What: Hunger Banquet
When: Thursday, 7 to 9 p.m.
Where: UMC room 235
For more info visit Hunger Banquet on Facebook, tinyurl.com/389qa6v.
University of Colorado students are bringing poverty to life at the university's first-ever Hunger Banquet on Thursday in the University Memorial Center.
Students from the CU chapter of the Colorado Public Interest and Research Group -- or CoPIRG -- are hosting a free dinner and discussion about poverty as part of the university's first Hunger and Homelessness awareness week. But some of the attendees may be disappointed with their dinner portions.
Upon entering the banquet, participants will receive a card with their character's name, story and social class. This description will provide inspiration for their role as attendees to become part of a simulation meant to encourage conversation among the diners.
CU sophomore Laura Rogers, event organizer and CoPIRG intern, said the lower class participants will sit on the floor after serving themselves a small bowl of rice. Middle class characters will sit in chairs and serve themselves a moderate portion of rice and beans while the upper class is served a hearty portion of pasta and sit on tall comfortable chairs.
"It will be interesting to see how participants react to the situation," Rogers said. "It just exemplifies the social classifications and their consequences in a real way for people who may not recognize it every day."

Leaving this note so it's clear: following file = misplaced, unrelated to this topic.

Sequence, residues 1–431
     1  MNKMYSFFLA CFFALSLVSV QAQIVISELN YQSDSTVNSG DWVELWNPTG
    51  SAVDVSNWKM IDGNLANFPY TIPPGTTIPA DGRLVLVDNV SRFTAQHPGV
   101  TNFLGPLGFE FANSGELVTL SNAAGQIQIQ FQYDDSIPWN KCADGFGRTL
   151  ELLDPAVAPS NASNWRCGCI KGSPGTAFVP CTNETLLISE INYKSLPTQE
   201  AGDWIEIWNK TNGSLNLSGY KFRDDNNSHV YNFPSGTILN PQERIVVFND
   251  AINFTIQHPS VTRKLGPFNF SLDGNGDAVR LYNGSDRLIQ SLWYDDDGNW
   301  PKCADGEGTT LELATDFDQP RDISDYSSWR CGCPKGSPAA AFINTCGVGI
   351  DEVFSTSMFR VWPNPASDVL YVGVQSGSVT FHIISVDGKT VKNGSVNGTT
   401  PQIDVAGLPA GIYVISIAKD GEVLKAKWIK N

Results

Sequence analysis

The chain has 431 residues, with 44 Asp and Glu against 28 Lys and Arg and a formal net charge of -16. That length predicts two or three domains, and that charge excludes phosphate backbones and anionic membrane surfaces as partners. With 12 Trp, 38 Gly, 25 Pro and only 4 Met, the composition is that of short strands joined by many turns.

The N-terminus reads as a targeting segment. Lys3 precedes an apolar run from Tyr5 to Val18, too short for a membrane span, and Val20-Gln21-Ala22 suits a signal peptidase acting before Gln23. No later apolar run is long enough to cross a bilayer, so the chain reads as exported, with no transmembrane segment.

Students said they're hoping to see at least 100 participants at Thursday's dinner. Only 15 percent of attendees will get an upper class card with a full-portioned meal.
CoPIRG volunteer Kyle Ambler and Kris Hoyt, a lecturer from the CU Sociology Department, will be leading discussions during and after the dinner.
"We hope this week raises awareness about hurting communities and foster discussion about hunger and homelessness," Rogers said. "We want to get these issues into the Boulder market so people will take action and help out."
Rogers said educating both the Boulder and CU communities is the first step to creating change and that is the main reason CoPIRG began what they hope will be an annual campaign.
CU senior and campaign coordinator Cassie Gedbaw said she hopes students take the week to focus on important issues that they often avoid.
"Sometimes it is easy to get caught up in a world where you think your tests and papers are the biggest problems going on, but I think that a week educating on homelessness, hunger and poverty could be really humbling for a lot of people at CU," Gedbaw said.
Gedbaw said she is also encouraging students to connect with the local community and get involved with poverty efforts around campus.
"Most students don't realize there are about 500 homeless people in Boulder and only 200 beds for them to escape the winter nights," Rogers said. "We should do something."